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Bhutan

7

Reasons to Visit Bhutan

  • Buddhism

    Buddhism is ingrained into Bhutan's landscape and daily life, with prayer flags, prayer wheels and white chortens. A basic understanding of Buddhism really does add to the experience of travelling through Bhutan, and helps one to really appreciate the complex visual tapestries that are found throughout the country.

    Buddhism
  • Dzongs

    Bhutan's dzongs are the most striking architectural feature of the country; large white washed forts with battered walls (inward sloping to appear larger than they actually are). They are the administrative and religious centres of authority in each region. Two of Bhutan's best known dzongs can be found at Punakha and Trongsa.

    Dzongs
  • Festivals

    Festivals or 'tsechus' are a major part of Bhutanese life and offer a unique cultural insight into this Himalayan Kingdom. They are colourful affairs with lots of masked dancing and bright costumes offering wonderful photo opportunities. During the larger festivals Bhutan is very popular with tourists and some of its charm can be lost, so visiting the smaller festivals is advisable.

    Festivals
  • Gross National Happiness

    Gross National Happiness is a truly unique and very Bhutanese idea. It is a more holistic approach to development and is drawn from the Buddhist belief that the ultimate purpose of life is inner happiness. It has been used to measure Bhutan's development since 1972 when the fourth king proposed the idea.

    Gross National Happiness
  • Off the beaten track

    Bhutan only has a fraction of visitors compared to most countries, with only a limited number of flights in and out of one airport. Visiting Bhutan you are able to experience a way of life that in the rural areas has largely remained unchanged for centuries. You may wish to visit a local farm or even stay in a simple traditional Bhutanese home.

    Off the beaten track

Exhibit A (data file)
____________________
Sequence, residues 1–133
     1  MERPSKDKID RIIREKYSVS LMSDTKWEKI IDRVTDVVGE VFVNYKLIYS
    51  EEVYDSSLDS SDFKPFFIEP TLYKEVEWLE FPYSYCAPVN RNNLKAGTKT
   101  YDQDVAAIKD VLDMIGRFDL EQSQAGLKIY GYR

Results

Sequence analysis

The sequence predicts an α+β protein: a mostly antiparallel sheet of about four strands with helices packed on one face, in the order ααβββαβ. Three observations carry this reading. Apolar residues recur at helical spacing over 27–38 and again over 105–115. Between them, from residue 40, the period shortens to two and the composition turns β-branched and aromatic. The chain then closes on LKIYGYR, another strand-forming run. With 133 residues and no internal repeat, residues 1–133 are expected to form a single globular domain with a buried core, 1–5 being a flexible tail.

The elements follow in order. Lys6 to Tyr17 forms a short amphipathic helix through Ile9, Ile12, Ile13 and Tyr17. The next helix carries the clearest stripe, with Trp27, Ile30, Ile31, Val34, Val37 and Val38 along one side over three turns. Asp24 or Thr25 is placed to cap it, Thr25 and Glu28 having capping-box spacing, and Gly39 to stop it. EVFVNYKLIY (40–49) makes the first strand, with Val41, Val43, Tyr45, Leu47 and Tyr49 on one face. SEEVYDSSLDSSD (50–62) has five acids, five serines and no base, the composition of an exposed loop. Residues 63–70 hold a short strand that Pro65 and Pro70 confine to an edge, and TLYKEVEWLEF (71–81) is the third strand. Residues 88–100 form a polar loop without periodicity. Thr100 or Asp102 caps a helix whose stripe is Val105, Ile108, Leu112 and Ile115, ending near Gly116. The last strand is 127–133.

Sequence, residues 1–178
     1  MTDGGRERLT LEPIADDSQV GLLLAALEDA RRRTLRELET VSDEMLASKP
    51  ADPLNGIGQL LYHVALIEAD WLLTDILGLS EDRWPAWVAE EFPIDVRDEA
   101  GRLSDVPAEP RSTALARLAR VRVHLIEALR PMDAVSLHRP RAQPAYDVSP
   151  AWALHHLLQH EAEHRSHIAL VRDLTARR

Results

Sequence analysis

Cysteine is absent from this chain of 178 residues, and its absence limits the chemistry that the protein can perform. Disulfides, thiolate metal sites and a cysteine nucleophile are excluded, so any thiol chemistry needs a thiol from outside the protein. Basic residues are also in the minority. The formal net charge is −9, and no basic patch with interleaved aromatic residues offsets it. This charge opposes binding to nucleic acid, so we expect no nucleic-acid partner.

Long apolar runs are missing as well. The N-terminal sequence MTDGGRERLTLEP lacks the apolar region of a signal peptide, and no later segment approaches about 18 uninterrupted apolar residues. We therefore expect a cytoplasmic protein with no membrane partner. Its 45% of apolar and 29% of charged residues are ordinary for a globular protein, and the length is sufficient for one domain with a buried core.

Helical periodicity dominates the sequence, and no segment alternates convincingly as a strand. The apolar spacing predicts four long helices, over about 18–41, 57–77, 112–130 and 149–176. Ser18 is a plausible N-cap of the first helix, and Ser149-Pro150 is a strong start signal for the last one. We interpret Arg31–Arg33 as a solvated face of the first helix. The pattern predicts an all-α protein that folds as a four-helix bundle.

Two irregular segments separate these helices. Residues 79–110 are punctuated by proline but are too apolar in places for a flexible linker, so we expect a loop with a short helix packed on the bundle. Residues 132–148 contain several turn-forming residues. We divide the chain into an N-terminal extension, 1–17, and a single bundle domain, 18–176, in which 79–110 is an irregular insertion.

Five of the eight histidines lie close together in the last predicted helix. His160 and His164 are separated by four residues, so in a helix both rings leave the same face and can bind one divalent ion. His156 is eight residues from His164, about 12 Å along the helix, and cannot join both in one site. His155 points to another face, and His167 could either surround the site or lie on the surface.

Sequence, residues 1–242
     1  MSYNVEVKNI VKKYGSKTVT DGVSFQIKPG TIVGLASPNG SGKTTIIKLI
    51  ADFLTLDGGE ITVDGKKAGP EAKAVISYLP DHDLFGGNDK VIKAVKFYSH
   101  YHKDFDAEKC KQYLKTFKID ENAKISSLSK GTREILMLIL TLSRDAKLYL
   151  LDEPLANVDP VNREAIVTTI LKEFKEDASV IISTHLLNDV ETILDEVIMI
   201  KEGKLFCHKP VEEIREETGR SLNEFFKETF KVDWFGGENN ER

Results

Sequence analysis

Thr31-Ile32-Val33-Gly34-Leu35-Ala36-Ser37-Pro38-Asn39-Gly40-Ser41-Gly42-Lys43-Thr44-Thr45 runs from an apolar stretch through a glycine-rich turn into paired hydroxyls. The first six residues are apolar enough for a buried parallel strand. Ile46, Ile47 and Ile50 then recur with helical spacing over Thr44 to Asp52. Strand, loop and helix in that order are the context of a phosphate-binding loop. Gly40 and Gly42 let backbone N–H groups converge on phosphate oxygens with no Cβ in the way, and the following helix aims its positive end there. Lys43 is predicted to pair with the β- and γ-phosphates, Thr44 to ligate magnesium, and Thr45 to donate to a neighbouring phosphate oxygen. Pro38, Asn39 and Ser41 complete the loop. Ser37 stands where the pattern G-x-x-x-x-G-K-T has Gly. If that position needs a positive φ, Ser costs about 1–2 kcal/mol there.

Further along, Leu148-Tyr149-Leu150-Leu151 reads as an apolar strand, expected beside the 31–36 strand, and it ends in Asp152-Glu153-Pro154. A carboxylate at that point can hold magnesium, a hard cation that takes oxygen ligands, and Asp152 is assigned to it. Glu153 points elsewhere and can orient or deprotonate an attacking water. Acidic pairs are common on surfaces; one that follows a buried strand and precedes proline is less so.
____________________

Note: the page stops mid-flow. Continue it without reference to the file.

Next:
• Unspoilt landscapes

    Travelling through Bhutan it is easy to take the picturesque valleys for granted, but as soon as you leave you realise just how unspoilt Bhutan is. Although Thimpu, the capital, has expanded, the towns are very small - over each pass you descend into another beautiful and unspoilt landscape.

    Unspoilt landscapes
  • Walking

    One of the best ways to explore Bhutan is by foot. There are numerous day walks that can be arranged and for those who want to trek we specialise in offering short two or three night treks.

    Walking

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Audley Indian Subcontinent brochure 2011

Indian Subcontinent

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Things to Do in Bhutan: Tiger's Nest Monastery & Drukgyel Dzong

The Tiger's Nest Monastery is possibly the most famous in Bhutan, having been founded in the late 1600's, and perched on a high rocky ledge 900m above the valley floor allegedly at a place where Guru Rinpoche rested, travelling on a flying tiger.

Tiger's Nest Monastery & Drukgyel Dzong

Paro, Bhutan
  • Culture & History
  • Walking & Biking

The Tiger's Nest Monastery is possibly the most famous in Bhutan, having been founded in the late 1600's, and perched on a high rocky ledge 900m above the valley floor allegedly at a place where Guru Rinpoche rested, travelling on a flying tiger.

The monastery suffered a disastrous fire in April 1998, but great efforts are being made to repair the extensive damage.

From the parking area it is a two hour walk, mostly through coniferous forest, up a steep path to the view point from where there are spectacular views of the monastery.

Drukgyel Dzong is situated some 15 km, (10 miles) north of Paro, close to the side valley where the Tigers Nest monastery is located. It was built in 1649 to protect the country against threatening Tibetans. One feature of the fort is a false entry to lure invaders into an enclosed courtyard, which along with other tactics helped the Bhutanese protect their country successfully through the 17th century.

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